Recently, I have ‘been on’ a few back-to-back consultations with potential clients. Each conversation had to be fine-tuned on the spot depending upon the clients’ expertise with working with a VA and in regard to his/her use of the internet. Since consults are not ‘one size fits all’ this post can help VAs to customize the conversation to achieve maximum results.
*note RFP used herein is a Request for Proposal. This is the form that potential clients complete with information regarding their virtual assistant needs.
*Letter of Intent is the reply letter a VA writes in response to the RFP.
1) Research, Research And More Research - If there is any tidbit of information you will take away from this post this will be it: Research the client’s website and business as much as possible before dialing the phone. I suggest going one step further and research as much as possible before hitting the send button to reply to the initial RFP itself. Although each Letter of Intent should be customized to the client’s requirements, take more time than usual to know the client because you may not have much time to do the research between the time you hit send and the time the client replies back to your customized letter of intent. I have been in close-timing situations and have had mere minutes to vamp-up my research before I called the client back. Being prepared ahead of time will thwart being caught off-guard because you may need to book an immediate consult. It happens.
2) Be Careful How You Phrase Your Opinions – Before making the consult call (and creating the Letter of Intent), make a list of what you think can be improved on the website or blog but do not come forward right away with a critique while on the phone with the potential client. Wait until the client asks for your opinion and phrase your critique as such, “If your website heading is decreased in size you can offer more information about your business above the page fold” or “If you add your social marketing badges to your home page, you can increase your membership”. Making suggestions as opposed to saying, “The header is too big” or “The web page is messy” may make for bad vibes during the consult. Diplomacy is key.
3) If the client indicates that they do not know how to do something while you explain what services you can provide, offer to show them how to do it. You may think that offering to train a client, for example how to post a blog will take away work from you; I actually believe that this leads to more work, which is what we all really want as virtual assistants. I believe in offering to share my knowledge with a client for three reasons: First, you will get paid for training; Second, once you spend more time teaching the client a task, this helps to build a relationship and solidifies you as the expert and, Three, these tasks lead to more work because then you can make suggestions as to how the task can be fine-tuned. The latter is much easier to do when you have built a rapport with the client.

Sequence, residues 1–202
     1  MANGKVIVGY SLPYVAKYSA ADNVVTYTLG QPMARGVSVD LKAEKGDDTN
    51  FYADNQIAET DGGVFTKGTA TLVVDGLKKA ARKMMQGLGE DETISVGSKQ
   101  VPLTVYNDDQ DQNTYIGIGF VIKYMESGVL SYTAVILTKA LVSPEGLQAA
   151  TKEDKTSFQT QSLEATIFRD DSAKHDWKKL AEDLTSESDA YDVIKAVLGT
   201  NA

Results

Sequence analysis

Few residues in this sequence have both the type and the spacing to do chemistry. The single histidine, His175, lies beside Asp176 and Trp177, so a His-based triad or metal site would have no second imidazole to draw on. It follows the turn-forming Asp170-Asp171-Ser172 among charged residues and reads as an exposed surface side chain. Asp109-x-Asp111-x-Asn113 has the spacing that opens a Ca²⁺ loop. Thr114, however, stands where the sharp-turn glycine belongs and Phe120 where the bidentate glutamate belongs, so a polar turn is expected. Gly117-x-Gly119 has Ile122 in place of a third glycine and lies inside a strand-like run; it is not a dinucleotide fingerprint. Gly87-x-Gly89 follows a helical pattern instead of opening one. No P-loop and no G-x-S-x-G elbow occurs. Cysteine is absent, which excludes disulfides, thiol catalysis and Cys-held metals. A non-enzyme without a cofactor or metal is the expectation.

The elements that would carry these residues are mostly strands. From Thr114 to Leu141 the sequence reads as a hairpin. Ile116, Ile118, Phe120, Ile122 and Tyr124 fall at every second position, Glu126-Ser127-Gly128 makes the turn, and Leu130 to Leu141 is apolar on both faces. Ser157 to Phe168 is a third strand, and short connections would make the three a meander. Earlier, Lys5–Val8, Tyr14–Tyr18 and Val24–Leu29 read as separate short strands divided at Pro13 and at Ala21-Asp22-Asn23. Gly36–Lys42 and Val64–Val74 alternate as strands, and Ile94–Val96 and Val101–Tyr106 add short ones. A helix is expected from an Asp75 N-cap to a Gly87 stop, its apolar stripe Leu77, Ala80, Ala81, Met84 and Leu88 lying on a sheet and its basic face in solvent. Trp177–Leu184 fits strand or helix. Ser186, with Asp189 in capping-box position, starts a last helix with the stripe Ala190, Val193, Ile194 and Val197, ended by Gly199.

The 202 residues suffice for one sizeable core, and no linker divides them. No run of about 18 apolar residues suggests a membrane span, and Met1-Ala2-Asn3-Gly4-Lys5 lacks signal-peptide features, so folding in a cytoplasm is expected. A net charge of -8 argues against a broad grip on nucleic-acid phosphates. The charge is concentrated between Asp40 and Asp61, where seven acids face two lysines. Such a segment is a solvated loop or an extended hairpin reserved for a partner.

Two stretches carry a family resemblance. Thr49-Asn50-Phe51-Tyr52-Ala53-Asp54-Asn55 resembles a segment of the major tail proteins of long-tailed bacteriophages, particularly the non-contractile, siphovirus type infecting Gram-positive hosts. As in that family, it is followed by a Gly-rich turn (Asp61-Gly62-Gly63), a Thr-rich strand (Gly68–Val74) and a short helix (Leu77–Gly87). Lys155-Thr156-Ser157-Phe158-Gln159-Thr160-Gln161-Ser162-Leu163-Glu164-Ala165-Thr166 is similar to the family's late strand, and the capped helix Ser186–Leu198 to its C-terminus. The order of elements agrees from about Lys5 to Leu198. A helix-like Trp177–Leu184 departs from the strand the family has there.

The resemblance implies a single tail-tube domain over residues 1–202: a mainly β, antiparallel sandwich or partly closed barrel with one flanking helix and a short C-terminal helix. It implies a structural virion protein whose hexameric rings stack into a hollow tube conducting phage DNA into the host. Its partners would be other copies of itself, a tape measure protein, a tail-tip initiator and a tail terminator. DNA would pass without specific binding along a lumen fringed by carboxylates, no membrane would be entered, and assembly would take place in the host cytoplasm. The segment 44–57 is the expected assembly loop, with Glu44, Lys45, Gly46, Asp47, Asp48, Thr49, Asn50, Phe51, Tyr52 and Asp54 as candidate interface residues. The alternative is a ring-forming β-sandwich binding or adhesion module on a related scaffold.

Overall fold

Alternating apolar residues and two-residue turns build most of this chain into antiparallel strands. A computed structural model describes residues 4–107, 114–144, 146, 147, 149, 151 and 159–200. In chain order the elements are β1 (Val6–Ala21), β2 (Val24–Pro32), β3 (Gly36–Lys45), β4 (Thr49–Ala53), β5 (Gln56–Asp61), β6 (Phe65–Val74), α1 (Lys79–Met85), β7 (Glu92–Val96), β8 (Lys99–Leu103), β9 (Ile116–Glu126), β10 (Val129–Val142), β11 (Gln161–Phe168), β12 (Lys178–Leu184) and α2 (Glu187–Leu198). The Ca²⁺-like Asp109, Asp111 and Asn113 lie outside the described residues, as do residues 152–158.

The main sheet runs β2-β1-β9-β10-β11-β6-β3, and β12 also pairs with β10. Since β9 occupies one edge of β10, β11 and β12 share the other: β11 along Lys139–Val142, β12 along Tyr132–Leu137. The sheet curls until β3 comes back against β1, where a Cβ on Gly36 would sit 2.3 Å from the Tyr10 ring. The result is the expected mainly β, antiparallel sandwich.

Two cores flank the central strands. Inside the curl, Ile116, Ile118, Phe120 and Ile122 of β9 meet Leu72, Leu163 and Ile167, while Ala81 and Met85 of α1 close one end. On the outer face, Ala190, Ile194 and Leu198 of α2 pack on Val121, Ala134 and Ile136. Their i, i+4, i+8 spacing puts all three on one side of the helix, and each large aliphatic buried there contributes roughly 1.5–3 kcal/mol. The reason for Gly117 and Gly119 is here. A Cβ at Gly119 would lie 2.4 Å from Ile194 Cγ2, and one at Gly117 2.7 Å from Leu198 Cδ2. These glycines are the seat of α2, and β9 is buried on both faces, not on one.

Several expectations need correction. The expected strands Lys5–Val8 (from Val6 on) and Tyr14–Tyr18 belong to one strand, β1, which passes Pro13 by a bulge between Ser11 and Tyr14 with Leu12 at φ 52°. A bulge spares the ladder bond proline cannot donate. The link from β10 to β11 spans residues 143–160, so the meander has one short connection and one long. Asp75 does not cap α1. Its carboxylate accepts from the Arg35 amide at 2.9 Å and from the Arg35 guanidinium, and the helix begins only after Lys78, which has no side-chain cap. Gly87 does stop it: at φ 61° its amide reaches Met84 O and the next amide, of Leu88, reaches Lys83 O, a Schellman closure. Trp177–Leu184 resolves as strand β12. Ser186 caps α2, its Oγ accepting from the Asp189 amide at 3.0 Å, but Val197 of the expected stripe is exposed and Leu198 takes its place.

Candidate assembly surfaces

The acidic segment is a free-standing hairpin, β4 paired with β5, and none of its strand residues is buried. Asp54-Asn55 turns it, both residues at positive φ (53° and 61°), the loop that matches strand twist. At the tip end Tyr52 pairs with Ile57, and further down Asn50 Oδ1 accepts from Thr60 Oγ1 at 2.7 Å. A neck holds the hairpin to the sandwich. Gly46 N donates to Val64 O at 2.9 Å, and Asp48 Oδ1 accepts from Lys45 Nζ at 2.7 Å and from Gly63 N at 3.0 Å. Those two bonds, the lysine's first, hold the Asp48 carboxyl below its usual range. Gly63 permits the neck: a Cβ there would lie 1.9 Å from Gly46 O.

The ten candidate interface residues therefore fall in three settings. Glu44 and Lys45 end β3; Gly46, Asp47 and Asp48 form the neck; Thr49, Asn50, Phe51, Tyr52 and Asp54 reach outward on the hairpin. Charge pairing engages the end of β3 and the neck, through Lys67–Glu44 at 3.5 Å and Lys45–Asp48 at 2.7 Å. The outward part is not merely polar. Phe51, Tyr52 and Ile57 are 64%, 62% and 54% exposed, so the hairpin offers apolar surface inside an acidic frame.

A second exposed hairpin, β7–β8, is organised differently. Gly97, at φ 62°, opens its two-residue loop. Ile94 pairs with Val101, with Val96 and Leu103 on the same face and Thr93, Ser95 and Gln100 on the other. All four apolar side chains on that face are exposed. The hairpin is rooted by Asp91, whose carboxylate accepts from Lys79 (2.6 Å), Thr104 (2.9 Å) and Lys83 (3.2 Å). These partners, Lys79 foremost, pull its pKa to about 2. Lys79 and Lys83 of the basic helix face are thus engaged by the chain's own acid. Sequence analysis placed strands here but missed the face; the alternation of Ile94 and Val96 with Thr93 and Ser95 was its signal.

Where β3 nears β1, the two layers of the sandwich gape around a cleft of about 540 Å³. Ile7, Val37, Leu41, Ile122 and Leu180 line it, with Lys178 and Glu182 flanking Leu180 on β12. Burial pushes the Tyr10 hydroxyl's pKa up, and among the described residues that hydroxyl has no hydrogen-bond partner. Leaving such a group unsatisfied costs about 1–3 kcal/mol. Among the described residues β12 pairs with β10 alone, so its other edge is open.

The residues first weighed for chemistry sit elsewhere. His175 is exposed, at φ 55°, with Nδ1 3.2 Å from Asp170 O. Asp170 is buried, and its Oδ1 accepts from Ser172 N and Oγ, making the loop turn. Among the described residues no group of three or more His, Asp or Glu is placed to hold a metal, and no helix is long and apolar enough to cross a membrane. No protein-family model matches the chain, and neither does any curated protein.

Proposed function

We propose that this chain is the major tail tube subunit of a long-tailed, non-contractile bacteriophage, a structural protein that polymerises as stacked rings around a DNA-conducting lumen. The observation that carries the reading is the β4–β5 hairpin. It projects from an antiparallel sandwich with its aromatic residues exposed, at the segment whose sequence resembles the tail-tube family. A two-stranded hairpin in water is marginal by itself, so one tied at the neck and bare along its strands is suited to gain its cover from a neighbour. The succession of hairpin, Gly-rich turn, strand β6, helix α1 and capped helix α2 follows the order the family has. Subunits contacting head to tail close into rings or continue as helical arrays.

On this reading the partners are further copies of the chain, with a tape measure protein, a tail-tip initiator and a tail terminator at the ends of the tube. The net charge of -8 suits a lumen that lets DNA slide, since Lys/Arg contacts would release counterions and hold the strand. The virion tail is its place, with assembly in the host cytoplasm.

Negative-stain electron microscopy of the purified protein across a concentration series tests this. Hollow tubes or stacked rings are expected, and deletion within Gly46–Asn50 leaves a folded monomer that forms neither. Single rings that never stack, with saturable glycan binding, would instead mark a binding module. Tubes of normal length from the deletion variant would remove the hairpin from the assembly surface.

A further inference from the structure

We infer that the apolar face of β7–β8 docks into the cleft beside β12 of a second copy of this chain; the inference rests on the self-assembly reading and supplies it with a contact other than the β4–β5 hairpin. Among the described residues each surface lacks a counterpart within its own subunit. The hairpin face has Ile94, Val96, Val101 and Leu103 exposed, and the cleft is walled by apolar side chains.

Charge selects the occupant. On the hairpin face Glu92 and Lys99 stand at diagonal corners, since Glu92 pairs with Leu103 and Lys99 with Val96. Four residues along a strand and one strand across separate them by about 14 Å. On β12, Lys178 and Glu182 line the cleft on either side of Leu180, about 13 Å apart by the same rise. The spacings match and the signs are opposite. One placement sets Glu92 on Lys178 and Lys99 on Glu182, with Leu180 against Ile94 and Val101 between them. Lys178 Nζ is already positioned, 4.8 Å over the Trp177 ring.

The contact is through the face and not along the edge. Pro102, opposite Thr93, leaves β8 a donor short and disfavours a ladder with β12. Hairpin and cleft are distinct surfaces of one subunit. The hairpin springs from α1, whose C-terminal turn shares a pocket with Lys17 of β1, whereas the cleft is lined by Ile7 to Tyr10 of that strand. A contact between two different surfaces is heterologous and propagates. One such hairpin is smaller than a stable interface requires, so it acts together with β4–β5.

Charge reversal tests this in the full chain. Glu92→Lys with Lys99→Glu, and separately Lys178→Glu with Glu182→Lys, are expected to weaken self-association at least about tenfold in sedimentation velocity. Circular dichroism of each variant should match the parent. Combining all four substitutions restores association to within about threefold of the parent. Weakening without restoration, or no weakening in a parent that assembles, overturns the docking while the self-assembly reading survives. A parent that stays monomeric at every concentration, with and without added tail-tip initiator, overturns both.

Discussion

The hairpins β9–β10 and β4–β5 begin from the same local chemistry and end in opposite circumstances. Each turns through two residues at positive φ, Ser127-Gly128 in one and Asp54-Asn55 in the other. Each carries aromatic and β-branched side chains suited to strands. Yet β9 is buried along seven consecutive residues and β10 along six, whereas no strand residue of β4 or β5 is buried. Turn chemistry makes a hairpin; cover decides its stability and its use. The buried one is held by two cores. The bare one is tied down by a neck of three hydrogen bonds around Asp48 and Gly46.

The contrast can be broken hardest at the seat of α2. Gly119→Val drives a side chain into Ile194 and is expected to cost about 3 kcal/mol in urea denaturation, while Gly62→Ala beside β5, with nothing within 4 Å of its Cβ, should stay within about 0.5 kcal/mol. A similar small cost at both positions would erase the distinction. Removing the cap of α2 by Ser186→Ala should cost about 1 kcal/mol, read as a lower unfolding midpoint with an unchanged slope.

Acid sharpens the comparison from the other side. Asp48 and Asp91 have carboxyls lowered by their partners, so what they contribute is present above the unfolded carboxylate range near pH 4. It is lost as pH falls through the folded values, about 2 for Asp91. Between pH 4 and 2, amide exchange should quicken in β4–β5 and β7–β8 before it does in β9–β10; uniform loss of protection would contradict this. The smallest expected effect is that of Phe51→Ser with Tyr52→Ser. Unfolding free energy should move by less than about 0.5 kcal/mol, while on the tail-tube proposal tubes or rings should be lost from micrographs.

4) During the consultation call, be keen and listen to the client as they speak. Clues to how much expertise they have will be apparent just by listening. It can be embarrassing for the VA to review services the client is already familiar with. In fact it is a waste of time. Some clients know what ftp might be, while others have no idea. Do not assume a client knows the entire internet ‘lingo’ so it pays to be clear during conversation without being too ‘techie’. It is easier to consult with client who has already worked with a VA so be sure you know this information in advance.
5) If the client is seeking to replace their VA, it pays to know why but never be intrusive by asking outright. Most clients will say if they are replacing their VA upfront. Use that information to your advantage. For example, if the client states, “My VA does not know how to post a blog”, that would be your cue to indicate this is a service you offer (if you do, of course). But do not ask why the VA is being replaced. Only use the information if offered to indicate what you can offer to fill that hole.
Finally, evaluate each consultation call immediately after hanging up. What could you have done better? What did you do well that you can use for the next call? Consultations calls can improve over time.